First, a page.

IE 7ís biggest drawback is lack of customization or difficulty when it comes to customizing the interface. I realize the aim is to provide simplicity and accessibility to common tools, but as I mentioned before, I would have preferred if my tabs were on a separate toolbar, so itís a plus 1 for Firefox, hopefully this will be fixed in a future update or milestone release.  The Internet Explorer Team has made over 200 changes to Cascading Style Sheets (CSS) a combination of bug fixes and features including better support for W3C standard. CSS is a style sheet language used to handle the layout of documents authored in HTML or XML to name a few. You can check the Internet Explorer Team Blog for a detailed run down of all the changes and improvements this area HERE

The performance is something I am thankful for, I have seen noticeable improvements when loading my favorite WebPages and closing the browser which does not get lazy in memory, itís definitely faster. I have not experienced any compatibility issues so far which is a good thing, web pages open and are rendered properly, also my Windows Live Toolbar settings transferred flawlessly. I upgraded from IE 6 SP2 on Windows XP SP2 and I experienced no problems, although it took a considerable amount of time in comparison to beta releases.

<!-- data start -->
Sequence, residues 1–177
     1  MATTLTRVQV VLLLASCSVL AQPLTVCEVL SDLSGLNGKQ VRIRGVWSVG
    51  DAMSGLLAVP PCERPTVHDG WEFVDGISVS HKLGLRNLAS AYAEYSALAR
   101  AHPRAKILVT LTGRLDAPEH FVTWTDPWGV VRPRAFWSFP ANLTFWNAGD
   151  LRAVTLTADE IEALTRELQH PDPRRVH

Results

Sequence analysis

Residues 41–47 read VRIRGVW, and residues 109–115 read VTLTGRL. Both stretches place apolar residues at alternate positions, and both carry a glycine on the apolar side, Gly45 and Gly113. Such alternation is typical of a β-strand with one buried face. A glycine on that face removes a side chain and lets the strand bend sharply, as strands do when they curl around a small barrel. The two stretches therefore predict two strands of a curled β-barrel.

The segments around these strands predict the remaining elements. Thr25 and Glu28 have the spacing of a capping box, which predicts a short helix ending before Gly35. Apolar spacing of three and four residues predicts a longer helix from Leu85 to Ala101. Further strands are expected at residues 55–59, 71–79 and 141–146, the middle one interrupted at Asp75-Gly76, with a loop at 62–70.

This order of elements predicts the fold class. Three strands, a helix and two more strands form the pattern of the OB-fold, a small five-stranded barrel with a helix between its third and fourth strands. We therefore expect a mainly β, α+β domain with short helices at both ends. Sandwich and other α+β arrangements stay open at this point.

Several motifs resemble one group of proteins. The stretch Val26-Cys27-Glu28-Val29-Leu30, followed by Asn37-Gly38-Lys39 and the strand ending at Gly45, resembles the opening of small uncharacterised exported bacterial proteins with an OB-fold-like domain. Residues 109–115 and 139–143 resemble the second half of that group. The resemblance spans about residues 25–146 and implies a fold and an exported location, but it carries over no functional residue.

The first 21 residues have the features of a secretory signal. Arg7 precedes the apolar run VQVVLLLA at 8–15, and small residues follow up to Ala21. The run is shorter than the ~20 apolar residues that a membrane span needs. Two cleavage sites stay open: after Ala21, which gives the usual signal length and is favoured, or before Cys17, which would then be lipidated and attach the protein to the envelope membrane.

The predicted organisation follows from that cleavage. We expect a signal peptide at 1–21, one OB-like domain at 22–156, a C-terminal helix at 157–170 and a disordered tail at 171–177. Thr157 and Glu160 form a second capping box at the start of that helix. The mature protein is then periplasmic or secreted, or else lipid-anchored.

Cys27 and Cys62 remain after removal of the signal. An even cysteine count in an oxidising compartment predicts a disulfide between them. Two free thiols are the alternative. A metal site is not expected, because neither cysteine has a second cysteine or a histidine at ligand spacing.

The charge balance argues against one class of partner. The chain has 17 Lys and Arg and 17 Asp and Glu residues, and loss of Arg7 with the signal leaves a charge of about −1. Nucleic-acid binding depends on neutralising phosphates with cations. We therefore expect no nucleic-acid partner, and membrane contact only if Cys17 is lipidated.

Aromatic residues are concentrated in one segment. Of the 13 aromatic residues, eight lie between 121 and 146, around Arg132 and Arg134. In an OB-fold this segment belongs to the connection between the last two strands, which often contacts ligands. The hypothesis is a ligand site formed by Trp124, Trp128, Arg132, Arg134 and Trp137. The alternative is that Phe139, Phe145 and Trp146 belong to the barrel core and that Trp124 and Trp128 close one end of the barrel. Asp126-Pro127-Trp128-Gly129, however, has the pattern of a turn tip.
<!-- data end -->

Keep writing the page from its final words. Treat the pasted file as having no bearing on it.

For almost 6 years now, Internet Explorer has been long in the tooth when it comes to new releases because of Microsoftís previous stance on releasing major new versions of the browser with major new versions of Windows, but the trade off was a major blow and it was called innovation, while FireFox dawned on users with features such as tabbed browsing, built in download manager (still missing from IE 7), enhanced security and a grass roots following that has since propelled the browser to over 200 million downloads, around 15% market share. The question now is can IE 7 catch up? I would say yes of course, since the popularity of Windows plus the bundling with it will definitely give it a secured opportunity to continue its dominance way into the future. Version 7ís acceptance also will further be influenced by its disintegration from the OS, which will be seen as a safer move to provide the secure experience Windows users have been longing for. IE has just as much or even more of a cult following than many of the browsers out there, plus the millions of businesses that have tied specialty applications to the platform will further ensure that there is a secure moat around the Enterprise, keeping FireFox at bay for a long time.

 ę Windows Defender Windows Calendar, Mail, Meeting Space Ľ